- The Washington Times - Monday, June 11, 2007

I forget where I was when I first heard the phrase “undocumented worker.” Possibly it was after swimming the Rio Grande and emerging dripping on the northern shore to be handed a fake Social Security number and a driver’s license. But I assumed, reasonably enough, that this linguistic sleight of hand was simply too ridiculous to fly even with the American media. I underestimated my colleagues, alas.

The “undocumented” are, as it happens, brimming with sufficient documents to open bank accounts or, on the other hand, rent a Ryder truck, as Mohammad Salameh did in 1993 when he and his pals bombed the World Trade Center first time round. Being “undocumented” means being documented up to the hilt as far as everyone else is concerned but “undocumented” only to the U.S. government. Which, when you think about it, is a very advantageous status.

Anyway, about five years or so back, I started referring in columns to “fine upstanding members of the Undocumented-American community.” But from the lame Steyn joke of yesteryear to the reality of tomorrow is a mere hop and a skip. A few days ago, Harry Reid, the Senate majority leader, declared:

“This week we will vote on cloture and final passage of a comprehensive bill that will strengthen border security, bring the 12 million undocumented Americans out of the shadows, and keep our economy strong.”

Talk about “a fast track to citizenship.” Never mind probationary visas, Z-visas and Green Cards, in the eyes of the Democrat steering “comprehensive immigration reform” through Congress these guys are already “undocumented Americans.” Was it simply a slip of the tongue? (Speaking of which, I thought thanks to George W Bush we had “the worst economy since Herbert Hoover.” When did it get “strong”?) Or did Mr. Reid mean it?



If he did, the very concept of citizenship is dead, and the Senate might as well opt for “really comprehensive immigration reform” and declare everyone on the planet a U.S. citizen with backdated Social Security entitlements. As Le Monde’s famous headline of Sept. 12, 2001, put it, “Nous sommes tous Americains.” (“We are all Americans”). Literally.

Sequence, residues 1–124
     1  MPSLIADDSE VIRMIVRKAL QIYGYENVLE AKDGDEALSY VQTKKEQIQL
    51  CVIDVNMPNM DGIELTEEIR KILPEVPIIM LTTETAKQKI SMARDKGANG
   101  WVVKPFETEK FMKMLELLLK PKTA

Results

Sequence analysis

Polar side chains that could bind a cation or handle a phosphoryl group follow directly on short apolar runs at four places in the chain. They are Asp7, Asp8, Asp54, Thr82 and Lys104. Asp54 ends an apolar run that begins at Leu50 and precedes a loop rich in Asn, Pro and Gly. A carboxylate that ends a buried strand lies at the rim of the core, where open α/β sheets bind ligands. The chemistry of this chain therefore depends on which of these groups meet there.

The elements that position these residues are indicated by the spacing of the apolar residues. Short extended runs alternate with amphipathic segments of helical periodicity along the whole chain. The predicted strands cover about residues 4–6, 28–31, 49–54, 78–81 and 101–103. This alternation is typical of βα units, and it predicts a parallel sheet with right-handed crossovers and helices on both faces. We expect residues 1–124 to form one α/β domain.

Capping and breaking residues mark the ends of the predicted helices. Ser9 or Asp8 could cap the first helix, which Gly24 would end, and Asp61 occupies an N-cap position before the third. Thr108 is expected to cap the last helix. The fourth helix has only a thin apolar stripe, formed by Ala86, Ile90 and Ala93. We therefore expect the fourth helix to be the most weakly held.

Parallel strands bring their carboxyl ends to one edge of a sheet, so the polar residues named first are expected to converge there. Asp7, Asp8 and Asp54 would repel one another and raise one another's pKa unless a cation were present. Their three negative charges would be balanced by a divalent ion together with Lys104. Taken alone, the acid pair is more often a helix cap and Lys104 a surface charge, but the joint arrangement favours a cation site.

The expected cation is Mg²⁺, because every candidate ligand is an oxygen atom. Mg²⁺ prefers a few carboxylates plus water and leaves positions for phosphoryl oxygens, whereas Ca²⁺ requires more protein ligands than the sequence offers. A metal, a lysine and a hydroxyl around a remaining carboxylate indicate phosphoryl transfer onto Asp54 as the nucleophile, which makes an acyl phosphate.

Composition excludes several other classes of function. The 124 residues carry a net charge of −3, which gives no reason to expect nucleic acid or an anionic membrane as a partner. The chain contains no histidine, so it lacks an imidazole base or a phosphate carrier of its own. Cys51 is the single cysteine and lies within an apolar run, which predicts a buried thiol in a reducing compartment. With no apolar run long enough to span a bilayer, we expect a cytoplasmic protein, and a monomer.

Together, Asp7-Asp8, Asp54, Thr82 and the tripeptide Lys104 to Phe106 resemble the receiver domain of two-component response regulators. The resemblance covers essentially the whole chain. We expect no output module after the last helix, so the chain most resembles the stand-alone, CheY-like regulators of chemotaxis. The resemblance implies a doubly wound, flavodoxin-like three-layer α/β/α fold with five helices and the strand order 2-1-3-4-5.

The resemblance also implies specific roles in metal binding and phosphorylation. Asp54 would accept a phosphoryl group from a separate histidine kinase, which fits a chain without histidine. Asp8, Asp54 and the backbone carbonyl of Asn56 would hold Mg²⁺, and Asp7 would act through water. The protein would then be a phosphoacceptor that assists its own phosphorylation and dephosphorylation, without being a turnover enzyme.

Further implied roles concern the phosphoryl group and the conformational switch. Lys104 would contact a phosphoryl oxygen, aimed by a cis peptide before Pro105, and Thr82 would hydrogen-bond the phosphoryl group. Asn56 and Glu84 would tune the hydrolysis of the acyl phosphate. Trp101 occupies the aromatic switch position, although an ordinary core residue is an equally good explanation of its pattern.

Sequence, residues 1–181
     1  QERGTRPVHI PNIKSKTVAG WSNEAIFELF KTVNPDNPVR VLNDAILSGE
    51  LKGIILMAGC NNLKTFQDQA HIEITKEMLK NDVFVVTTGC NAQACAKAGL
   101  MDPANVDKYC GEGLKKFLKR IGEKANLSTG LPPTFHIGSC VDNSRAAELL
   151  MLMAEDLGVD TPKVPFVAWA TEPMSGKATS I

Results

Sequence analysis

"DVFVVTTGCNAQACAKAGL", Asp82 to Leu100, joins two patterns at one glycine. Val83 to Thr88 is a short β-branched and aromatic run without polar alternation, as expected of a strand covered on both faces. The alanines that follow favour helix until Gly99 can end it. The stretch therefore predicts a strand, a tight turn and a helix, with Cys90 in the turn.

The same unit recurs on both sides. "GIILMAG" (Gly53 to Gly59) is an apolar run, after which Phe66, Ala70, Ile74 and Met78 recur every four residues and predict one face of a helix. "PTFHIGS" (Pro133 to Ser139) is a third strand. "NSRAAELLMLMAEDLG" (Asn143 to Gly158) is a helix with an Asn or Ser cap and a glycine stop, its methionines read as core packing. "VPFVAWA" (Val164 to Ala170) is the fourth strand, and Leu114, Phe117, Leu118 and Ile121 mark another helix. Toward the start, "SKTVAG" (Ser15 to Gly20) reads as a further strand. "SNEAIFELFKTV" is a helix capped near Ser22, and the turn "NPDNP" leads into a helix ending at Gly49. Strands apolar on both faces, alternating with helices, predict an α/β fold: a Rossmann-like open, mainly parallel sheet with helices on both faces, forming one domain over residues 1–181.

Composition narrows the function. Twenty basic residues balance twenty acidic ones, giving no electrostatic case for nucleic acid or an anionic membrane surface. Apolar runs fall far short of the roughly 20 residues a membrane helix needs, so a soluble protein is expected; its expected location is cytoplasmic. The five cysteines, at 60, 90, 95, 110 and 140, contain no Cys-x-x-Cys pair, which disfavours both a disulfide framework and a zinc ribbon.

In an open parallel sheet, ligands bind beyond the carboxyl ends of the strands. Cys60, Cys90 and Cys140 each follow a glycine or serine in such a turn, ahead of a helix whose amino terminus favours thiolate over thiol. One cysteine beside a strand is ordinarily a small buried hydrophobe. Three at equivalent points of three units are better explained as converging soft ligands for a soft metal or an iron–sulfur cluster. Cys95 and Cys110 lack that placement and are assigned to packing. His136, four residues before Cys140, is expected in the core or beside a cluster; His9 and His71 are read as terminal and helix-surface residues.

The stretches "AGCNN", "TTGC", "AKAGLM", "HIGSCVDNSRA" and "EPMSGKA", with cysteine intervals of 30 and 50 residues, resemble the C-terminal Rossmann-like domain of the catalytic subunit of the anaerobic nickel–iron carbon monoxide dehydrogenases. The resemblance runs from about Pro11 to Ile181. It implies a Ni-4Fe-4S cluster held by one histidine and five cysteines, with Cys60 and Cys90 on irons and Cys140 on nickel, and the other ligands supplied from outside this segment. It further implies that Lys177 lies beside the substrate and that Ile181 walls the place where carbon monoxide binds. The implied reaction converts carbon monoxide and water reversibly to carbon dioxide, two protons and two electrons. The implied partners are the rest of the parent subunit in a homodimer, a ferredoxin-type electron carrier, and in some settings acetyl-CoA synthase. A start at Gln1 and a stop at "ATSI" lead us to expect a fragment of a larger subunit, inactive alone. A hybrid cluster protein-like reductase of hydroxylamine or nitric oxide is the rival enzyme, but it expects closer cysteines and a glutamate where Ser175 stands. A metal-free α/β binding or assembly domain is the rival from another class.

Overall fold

I don’t know whether this sham of a bill is dead or just resting “in the shadows” like a fine upstanding member of the Vampiric-American community. But, if it rises on the third night to stalk the land once more, I would advise its supporters to go about their work more honestly.

First of all, the only guys “living in the shadows” are the aides of American senators beavering away out of the public eye to cook up this legislation and then present it as a fait accompli to the citizenry (if you’ll forgive the expression). That is an affront to small-r republican government, and, if intemperate hectoring mediocrities like Trent Lott and Lindsay Graham don’t understand that, their electors should give them a well-deserved lesson.

Second, the bill’s supporters should stop assuming the bad faith of their opponents. On Fox News the other night, I was told by NPR’s Juan Williams, “You’re anti-immigrant.” Er, actually, I am an immigrant — one of the members of the very very teensy-weensy barely statistically detectable category of “legal immigrants.” But perhaps that doesn’t count any more. Perhaps, like Colin Powell’s blackness, it’s insufficiently “authentic.” By filing the relevant paperwork with the U.S. government, I’m not “keepin’ it real.”

I wouldn’t presume to speak for the millions of Americans who oppose this bill, but it’s because I’m an immigrant myself that I object to the most patent absurdity peddled by the pro-amnesty crowd. The bill is fundamentally a fraud.